Late in the day last Friday, the Supreme Court of the United States granted review in seven cases:

Bowman v. Monsanto Co., No. 11-796: Whether the Federal Circuit erred by (1) refusing to find patent exhaustion in patented seeds even after an authorized sale and by (2) creating an exception to the doctrine of patent exhaustion for self-replicating technologies?

Gunn v. Minton, No. 11-1118: Did the Federal Circuit depart from the standard this Court articulated in Grable & Sons Metal Products, Inc. u. Darue Eng'g & Mfg., 545 U.S. 308 (2005 ), for "arising under" jurisdiction of the federal courts under 28 U.S.C. § 1338, when it held that state law legal malpractice claims against trial lawyers for their handling of underlying patent matters come within the exclusive jurisdiction of the federal courts? Because the Federal Circuit has exclusive jurisdiction over appeals involving patents, are state courts and federal courts strictly following the Federal Circuit's mistaken standard, thereby magnifying its jurisdictional error and sweeping broad swaths of state law claims - which involve no actual patents and have no impact on actual patent rights - into the federal courts?

Koontz v. St. Johns River Water Mgmt., No. 11-1447: (1) Whether the government can be held liable for a taking when it refuses to issue a land-use permit on the sole basis that the permit applicant did not accede to a permit condition that, if applied, would violate the essential nexus and rough proportionality tests set out in Nollan v. Cal. Coastal Comm’n, 438 U.S. 825 (1987), and Dolan v. City of Tigard, 512 U.S. 374 (1994); and (2) Whether the nexus and proportionality tests set out in Nollan and Dolan apply to a land-use exaction that takes the form of a government demand that a permit applicant dedicate money, services, labor, or any other type of personal property to a public use.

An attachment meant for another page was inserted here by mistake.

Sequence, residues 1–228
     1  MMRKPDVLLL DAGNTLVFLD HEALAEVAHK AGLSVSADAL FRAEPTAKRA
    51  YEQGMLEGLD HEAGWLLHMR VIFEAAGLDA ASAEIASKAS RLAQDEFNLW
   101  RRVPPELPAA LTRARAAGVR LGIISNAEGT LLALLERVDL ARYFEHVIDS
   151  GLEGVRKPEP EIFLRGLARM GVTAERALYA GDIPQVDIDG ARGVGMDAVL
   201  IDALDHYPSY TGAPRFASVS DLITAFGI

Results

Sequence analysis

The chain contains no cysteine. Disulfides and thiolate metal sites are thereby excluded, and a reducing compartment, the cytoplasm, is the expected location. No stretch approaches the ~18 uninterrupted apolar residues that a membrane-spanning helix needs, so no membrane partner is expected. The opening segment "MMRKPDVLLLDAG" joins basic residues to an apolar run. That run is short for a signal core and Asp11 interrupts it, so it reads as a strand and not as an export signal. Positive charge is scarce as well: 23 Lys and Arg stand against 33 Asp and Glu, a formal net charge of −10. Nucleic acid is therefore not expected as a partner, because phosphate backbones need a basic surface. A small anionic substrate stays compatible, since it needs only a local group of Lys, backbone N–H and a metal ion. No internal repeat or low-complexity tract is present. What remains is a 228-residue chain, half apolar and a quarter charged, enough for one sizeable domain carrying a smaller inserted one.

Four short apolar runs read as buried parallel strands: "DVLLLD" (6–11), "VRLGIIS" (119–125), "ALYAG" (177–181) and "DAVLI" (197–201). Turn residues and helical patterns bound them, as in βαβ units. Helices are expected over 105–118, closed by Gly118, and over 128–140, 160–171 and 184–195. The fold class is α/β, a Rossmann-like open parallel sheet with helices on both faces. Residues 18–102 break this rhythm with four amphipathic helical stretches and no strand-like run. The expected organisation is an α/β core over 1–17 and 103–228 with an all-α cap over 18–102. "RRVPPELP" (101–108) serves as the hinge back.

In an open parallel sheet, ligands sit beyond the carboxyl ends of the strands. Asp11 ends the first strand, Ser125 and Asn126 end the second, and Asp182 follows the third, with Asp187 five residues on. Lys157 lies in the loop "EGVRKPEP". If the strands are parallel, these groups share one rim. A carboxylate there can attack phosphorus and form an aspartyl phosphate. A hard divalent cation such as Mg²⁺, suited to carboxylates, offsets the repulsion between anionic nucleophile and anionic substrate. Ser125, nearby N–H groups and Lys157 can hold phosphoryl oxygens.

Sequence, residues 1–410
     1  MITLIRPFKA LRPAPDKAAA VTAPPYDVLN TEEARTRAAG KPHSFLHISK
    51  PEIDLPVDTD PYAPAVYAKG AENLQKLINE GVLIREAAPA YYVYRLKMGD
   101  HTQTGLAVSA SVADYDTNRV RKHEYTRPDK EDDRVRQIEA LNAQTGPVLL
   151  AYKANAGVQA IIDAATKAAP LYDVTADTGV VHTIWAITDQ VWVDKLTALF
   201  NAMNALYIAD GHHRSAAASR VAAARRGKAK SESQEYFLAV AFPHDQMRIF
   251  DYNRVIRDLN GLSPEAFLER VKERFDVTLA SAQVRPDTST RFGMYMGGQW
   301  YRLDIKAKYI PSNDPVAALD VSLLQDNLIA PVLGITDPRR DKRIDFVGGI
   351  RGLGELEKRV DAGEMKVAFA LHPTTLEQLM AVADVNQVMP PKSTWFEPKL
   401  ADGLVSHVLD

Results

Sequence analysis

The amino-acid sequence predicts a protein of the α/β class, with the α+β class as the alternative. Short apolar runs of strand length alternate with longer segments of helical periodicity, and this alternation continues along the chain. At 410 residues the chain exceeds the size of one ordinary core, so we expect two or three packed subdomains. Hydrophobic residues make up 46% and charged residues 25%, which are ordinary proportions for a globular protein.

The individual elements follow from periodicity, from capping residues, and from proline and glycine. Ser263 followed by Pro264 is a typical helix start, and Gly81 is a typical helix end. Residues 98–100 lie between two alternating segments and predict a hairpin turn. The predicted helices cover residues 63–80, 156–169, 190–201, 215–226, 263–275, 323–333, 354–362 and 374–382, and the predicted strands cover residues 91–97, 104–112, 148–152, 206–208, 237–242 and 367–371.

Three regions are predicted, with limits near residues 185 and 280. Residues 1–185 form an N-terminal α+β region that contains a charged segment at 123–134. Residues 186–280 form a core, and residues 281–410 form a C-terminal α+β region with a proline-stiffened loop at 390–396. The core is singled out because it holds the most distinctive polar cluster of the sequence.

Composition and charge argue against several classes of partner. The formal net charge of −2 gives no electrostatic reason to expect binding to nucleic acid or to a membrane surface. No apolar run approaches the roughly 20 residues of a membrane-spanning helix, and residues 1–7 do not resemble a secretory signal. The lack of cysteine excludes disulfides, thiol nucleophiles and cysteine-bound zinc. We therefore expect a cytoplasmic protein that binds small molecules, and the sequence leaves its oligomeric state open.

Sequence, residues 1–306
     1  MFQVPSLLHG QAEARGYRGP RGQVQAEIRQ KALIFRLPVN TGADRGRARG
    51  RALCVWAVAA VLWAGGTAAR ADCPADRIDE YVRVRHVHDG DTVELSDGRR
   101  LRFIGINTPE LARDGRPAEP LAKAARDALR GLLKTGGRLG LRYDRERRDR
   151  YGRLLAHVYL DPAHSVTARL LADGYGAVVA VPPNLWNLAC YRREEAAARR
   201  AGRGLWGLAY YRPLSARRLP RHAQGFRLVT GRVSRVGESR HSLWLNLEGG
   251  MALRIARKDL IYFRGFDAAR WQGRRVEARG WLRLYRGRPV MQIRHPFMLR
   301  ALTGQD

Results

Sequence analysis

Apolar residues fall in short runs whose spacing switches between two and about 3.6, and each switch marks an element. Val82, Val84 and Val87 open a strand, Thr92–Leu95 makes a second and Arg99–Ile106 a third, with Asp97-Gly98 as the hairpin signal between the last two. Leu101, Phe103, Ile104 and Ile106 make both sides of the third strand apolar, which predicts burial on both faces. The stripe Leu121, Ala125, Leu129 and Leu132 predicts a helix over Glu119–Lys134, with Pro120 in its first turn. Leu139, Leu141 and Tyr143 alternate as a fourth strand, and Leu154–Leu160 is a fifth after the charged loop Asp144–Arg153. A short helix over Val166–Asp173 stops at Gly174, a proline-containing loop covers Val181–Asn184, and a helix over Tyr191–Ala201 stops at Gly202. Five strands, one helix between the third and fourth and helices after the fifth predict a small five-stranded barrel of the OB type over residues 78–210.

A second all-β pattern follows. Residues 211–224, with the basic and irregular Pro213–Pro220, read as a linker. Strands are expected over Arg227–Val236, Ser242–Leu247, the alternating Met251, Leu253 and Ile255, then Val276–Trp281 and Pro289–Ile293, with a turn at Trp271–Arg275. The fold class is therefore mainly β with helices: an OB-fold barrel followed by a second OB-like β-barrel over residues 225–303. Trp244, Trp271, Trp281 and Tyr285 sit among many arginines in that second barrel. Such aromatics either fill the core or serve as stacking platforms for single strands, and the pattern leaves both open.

Arlington, Texas v. FCC & Cable, Telecommunications & Tech v. FCC, Nos. 11-1545 & 11-1547: Whether, contrary to the decisions of at least two other circuits, and in light of this Court’s guidance, a court should apply Chevron to review an agency’s determination of its own jurisdiction.

Alleyne v. United States, No. 11-9335: Whether this Court’s decision in Harris v. United States, 536 U.S. 545 (2002), which held that the Constitution does not require facts which increase a mandatory minimum sentence to be determined by a jury, should be overruled.

Boyer v. Louisiana, No. 11-9953: Whether a state’s failure to fund counsel for an indigent defendant for five years, particularly where failure was the direct result of the prosecution’s choice to seek the death penalty, should be weighed against the state for speedy trial purposes?

McBurney v. Young, No. 12-17: Under the Privileged and Immunities Clause of Article IV and the dormant Commerce Clause of the United States Constitution, may a state preclude citizens of other states from enjoying the same right of access to public records that the state affords its own citizens?